The Jewish Impact on Communism in America

When mass immigration to the United States began in the late 19th Century, Jews began emigrating from Europe to acquire freedom and better economic opportunity. Many Jews came from countries such as Russia and Poland where they were poor and oppressed. The Jews, as well as the other immigrants, brought with them ideologies that were popular in their homeland. These ideas remained in their mind, and as more and more immigrants came with the same ideology, ideas spread, and political parties were formed around common traditions and cultures. Jews in particular were the leading force in the Communist movement. If it wasn’t for the immigration of Jews to America from the Soviet Union, Communism would not have spread in the United States during the 20th century.

One of the very popular political ideas during the 20th Century was Communism. Communism is a political structure that focuses on common ownership with an absence of social classes, money, and the state (Communism – Communism was a political movement started in Russia by Karl Marx. Many of his followers would later transform their countries and establish new governments based on the idea of Communism. While some disliked this style of government, many favored it because it was better than their previous forms of government. Communism offered jobless, poor and low class minorities a means to become equal in their society. Jews in particular felt that they were not treated equally in Russia, so they turned to Communism. In fact, the minister of Interior of Russia said in a speech in 1903 that, “In Western Russia, some 90 per cent of the revolutionaries are Jews, and in Russia generally — some 40 per cent.” (Belman – American Thinker)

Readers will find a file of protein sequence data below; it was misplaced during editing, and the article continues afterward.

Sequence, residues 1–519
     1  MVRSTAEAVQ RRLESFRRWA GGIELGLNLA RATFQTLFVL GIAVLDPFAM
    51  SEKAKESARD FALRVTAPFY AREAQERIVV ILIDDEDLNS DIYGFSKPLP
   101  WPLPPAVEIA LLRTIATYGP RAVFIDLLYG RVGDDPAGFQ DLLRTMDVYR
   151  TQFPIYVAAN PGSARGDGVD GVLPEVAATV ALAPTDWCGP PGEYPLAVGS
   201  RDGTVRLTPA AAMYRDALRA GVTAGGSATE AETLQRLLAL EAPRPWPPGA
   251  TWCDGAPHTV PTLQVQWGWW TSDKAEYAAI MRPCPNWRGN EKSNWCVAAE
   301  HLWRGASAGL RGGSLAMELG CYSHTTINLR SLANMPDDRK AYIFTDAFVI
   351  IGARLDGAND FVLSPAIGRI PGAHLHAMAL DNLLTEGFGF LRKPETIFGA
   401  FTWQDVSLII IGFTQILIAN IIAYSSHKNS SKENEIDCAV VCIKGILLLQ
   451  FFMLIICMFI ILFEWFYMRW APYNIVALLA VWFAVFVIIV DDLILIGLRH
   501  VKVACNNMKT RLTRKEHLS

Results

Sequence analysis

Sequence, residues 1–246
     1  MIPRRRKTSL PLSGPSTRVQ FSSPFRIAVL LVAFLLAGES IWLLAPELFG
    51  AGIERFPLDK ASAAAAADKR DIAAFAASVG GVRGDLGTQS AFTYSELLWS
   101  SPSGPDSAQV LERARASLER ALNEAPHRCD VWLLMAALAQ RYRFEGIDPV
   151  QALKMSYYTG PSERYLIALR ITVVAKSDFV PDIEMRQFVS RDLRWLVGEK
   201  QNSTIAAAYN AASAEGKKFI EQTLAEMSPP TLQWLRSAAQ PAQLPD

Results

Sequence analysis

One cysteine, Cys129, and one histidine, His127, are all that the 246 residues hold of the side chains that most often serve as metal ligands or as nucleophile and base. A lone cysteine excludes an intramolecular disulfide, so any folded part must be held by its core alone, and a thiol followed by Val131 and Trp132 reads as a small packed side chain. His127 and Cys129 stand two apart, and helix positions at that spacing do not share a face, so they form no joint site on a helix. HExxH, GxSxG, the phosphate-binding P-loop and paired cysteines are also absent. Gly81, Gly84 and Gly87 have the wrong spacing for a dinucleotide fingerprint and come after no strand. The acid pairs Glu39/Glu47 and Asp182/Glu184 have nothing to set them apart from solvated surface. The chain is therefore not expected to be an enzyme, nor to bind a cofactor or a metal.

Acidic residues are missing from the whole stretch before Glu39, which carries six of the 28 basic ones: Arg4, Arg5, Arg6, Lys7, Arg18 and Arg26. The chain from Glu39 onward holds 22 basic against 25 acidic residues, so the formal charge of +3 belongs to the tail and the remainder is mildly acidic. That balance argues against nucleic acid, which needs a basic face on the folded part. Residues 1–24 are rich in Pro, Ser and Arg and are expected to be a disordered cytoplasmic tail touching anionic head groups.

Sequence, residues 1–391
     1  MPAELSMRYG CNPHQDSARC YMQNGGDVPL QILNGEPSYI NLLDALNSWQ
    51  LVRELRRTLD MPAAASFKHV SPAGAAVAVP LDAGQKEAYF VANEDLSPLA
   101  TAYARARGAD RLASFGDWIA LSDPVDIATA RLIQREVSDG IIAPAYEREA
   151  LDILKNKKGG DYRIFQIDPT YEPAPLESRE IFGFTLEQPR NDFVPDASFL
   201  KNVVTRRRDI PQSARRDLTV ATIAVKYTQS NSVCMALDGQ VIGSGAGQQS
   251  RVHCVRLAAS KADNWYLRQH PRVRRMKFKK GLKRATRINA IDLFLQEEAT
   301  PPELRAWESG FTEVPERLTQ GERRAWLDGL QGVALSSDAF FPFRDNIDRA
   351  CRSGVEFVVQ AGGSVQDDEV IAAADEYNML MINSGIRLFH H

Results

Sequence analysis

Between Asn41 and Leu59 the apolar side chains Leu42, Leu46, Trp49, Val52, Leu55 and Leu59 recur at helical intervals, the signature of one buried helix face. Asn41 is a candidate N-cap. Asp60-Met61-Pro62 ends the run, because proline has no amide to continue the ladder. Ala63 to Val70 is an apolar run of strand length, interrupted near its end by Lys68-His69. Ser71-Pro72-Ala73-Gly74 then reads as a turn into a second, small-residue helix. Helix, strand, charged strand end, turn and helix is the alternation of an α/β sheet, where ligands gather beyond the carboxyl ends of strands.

In the United States, during the Depression, the Jews were poor and discriminated against so they had a strong inclination towards the growing Communist party. Immigrants experienced a harder time finding jobs because many couldn’t speak the language or did not have the experience needed for a job. Jews coming out of college, additionally, couldn’t find jobs due to discrimination as a minority. Many people believed that Communism would give them the equal resources and the equal social status that they needed to live a decent life. (Sachar – My Jewish Learning)

In addition, after coming to America, these immigrants were in search of a new form of expression of their Jewish identity that was not as rooted in religion. Radical politics soon became their answer. There were several forms of radical politics in America such as socialism, but the majority favored Communism because it focused on social equality in addition to economic equality. Many Jews described Communism as Jewish forms of expressions that were ’purely secular’ and ‘thoroughly Jewish’ (Jewish Women’s Archive). The Jews from Russia already had this radical notion in their minds as they came to America.

Jews were very involved in the Communist party in the United States. In both the 1924 and 1928 presidential elections, Jews contributed a significant share of the Communist party’s votes. One-quarter of the 50,000 votes cast for William Z. Foster, the Communist party’s nominee, came from New York. One of the leaders of the movement said, “Almost certainly most [votes] were cast by Jews.” New York accounted for about one-fifth of the Communist party’s national member­ship, and according to their records, one-fifth of them were Jewish. In 1919, the party leadership included “a disproportionate number of Jews.” (Sachar – My Jewish Learning) Among their Jewish leadership were: Charles Ruthenberg, a co-founder of the party; Jay Lovestone; Benjamin Gitlow; William Weinstone; Bertram D. Wolfe; and Israel Amster. (Simkin – Spartacu Educational) Many of the prominent Jewish members most likely convinced other Jews to join.